Virginia Walters (Courtesy photo)

Virginia Walters (Courtesy photo)

Life in the Pedestrian Lane: Thanksgiving

We at least have a good idea of what our political future looks like.

Well, finally it’s over! Took a little longer than usual, but we at least have a good idea of what our political future looks like. I can’t believe it took some of those states so long to produce a working total. At least Alaska has an excuse: ranked choice voting, and its manipulations of the results; but the others are just plain incompetence or something worse. And it’s always the same three states!

I’m sure the final results are not to everyone’s liking, but at least it shook things up a little and we will have a new agenda. Probably still not going to get anything done, but it will be a different “anything.” Of course, we now have to contend with two whole years of campaigning for the 2024 presidential election but at least the mailbox is no longer full of junk mail, the political polling phone calls have stopped and not too many unsolicited emails anymore. Always a silver lining!

So now for a minute we can concentrate on the holidays. Thanksgiving sneaked in a little quicker than usual this year maybe because of the early snow. I’m writing this a week out so I can’t give you a real accounting of THE day but I can tell you how it’s supposed to go and probably will barring a major disaster. We will have dinner with youngest son and daughter-in-law. It will be the traditional Thanksgiving dinner, with her doing most of the work!! I will contribute a couple of Son’s favorite childhood dishes, but otherwise she has it under control.

I remember the day I often said “I’ll be glad when the next generation takes over” but in reality, I miss it: the planning, the cooking, the hustle and bustle of that day. Will we need two tables? Where are the extra chairs? Who is it doesn’t eat cranberries? Shall we start the turkey at 8 a.m.? What did I forget?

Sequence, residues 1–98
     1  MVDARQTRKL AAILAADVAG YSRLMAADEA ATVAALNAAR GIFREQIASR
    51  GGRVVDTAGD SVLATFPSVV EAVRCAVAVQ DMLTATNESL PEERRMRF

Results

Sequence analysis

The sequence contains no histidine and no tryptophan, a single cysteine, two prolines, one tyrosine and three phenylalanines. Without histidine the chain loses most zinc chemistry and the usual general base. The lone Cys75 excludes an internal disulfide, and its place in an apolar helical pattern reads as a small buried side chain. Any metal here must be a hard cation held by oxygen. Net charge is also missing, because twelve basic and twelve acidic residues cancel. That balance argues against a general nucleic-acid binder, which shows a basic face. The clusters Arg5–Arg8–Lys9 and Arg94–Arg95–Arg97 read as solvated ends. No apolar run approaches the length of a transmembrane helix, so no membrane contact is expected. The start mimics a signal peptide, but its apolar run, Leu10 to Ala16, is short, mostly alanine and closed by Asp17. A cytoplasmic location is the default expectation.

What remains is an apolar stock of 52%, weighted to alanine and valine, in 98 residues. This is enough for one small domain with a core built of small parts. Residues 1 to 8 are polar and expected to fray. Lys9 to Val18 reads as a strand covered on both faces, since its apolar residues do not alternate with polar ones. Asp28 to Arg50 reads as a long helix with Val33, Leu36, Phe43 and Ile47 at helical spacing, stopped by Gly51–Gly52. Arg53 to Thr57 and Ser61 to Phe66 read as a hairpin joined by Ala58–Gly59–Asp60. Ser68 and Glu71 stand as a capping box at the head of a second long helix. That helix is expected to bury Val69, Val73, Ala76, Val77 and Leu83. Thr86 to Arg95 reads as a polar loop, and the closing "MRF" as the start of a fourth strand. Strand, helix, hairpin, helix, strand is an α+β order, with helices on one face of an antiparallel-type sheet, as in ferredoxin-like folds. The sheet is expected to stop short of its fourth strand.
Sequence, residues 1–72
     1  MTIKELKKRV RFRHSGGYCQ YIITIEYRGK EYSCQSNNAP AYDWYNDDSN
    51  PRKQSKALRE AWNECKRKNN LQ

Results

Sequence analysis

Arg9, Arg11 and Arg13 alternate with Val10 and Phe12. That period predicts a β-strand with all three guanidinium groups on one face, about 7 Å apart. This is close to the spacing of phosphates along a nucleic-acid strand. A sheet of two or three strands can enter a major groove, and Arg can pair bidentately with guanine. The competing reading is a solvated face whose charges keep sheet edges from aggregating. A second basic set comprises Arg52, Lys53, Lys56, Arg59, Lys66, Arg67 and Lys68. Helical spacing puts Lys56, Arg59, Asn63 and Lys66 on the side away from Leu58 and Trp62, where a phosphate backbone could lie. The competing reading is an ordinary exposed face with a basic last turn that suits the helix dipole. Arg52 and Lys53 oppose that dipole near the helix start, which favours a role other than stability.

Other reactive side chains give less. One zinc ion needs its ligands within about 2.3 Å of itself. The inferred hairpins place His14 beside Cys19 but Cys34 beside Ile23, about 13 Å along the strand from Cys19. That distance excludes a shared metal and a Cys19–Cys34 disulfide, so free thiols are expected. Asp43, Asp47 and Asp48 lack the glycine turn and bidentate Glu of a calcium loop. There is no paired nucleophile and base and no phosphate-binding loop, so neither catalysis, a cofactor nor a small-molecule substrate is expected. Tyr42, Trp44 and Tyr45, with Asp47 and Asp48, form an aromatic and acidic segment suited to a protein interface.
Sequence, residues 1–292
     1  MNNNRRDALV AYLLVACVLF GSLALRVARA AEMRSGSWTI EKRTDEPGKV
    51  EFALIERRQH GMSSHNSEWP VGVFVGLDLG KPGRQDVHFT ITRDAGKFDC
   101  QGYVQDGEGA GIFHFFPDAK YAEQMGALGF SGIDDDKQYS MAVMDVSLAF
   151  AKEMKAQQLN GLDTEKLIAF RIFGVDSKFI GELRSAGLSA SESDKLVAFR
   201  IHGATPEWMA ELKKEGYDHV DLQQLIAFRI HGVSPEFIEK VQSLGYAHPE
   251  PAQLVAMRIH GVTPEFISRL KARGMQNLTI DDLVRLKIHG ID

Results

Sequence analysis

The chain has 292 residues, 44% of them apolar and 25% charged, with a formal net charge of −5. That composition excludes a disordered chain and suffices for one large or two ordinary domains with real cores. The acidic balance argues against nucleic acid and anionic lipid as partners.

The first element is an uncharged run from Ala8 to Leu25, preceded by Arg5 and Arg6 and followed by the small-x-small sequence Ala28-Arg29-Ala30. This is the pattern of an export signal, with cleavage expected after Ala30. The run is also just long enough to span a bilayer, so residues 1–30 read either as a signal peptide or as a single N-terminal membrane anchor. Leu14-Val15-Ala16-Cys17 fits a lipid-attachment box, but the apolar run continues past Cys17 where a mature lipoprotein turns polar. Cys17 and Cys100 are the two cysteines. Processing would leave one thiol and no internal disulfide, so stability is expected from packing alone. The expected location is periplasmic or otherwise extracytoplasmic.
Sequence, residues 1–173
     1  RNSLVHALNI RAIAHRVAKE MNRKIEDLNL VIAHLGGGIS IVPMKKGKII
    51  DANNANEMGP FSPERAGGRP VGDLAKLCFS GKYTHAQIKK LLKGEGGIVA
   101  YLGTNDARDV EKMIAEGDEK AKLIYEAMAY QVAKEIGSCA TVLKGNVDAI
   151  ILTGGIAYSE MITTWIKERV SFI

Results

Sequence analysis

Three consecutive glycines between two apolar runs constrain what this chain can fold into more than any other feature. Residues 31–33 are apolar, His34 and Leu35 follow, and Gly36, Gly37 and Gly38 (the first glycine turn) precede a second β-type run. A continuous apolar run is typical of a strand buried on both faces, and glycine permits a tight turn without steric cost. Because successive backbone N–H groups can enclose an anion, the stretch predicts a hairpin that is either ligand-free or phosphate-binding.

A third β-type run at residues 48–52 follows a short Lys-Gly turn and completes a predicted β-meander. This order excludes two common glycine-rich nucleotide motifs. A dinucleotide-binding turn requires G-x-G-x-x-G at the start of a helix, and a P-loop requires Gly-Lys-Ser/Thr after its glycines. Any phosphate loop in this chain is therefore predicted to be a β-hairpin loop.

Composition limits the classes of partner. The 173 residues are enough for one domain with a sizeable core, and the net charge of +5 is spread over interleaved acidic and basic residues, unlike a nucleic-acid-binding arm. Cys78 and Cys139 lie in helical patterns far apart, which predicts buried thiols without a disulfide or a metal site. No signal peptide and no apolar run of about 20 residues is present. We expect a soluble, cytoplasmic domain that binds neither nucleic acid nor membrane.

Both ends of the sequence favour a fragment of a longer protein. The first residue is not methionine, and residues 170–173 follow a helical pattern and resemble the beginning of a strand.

Sister and Husband from Palmer plan on being here, weather permitting. She will bring “Grandma’s apples,” a very good stewed apple dish made with Red Hots, if she can find any. We have both been looking all over two towns for them and apparently they have gone the way of the dinosaurs. They are still manufactured (Google says so!) but Hot Tamales have taken over their niche apparently. They won’t do in the apples, however, because they melt!

Sister and I and the Hubbies are of that final generation where the whole family lived within 50 miles of each other, hence every holiday was a gathering of the clan probably at the grandparents’ house, but maybe an aunt or second-cousin-once-removed if relatives were coming in from a distance on that once in a lifetime trip. Everyone had a special dish that was expected they would bring to dinner. Any deviation was met with skepticism but usually enjoyed unless it was really far out. I remember cheesecake replacing pumpkin pie one time to mixed reviews.

Ironically, our generation was also the first to move away in large numbers. We are the end of the Silent generation. (Could almost be Boomers) Our older cousins and brothers had gotten a taste of far distant places during the War and had returned home to an economic rebuilding. The factories offered bigger rewards than the farm or the woods, even in the PNW, so the migration to the cities began. Holidays became quieter and smaller and older. By the time our kids were born, immediate families were the norm at family gatherings and no one knew their second cousins. Those of us in Alaska learned fast that family is not necessarily related by blood, and soon gathered a coterie of friends that became like extended family, but I still miss the comradeship of all the cousins and the comfort of the aunts and uncles.

We’ll have about 12 for dinner, counting other family and friends that daughter-in-law has invited. Lots of food. Lots of conversation and plenty of joking around, We’ll eat mid-afternoon, so it won’t be a late night. Probably go home with leftovers for next day.

Brother-in-law likes our bazaars, so Friday we’ll spend around town at the various activities bringing Christmas to Kenai. I know we’ll watch the fireworks that evening then enjoy a rollicking game of Mexican dominoes or Progressive Rummy, maybe both. They’ll leave for Palmer early Saturday to beat the rush through Anchorage. Weather permitting, of course.

So as you read this, it‘s back to the usual routine for a few days, then start the Christmas count-down. Hopefully we can hold politics at bay until after the New Year.

Enjoy a Glorious Season!

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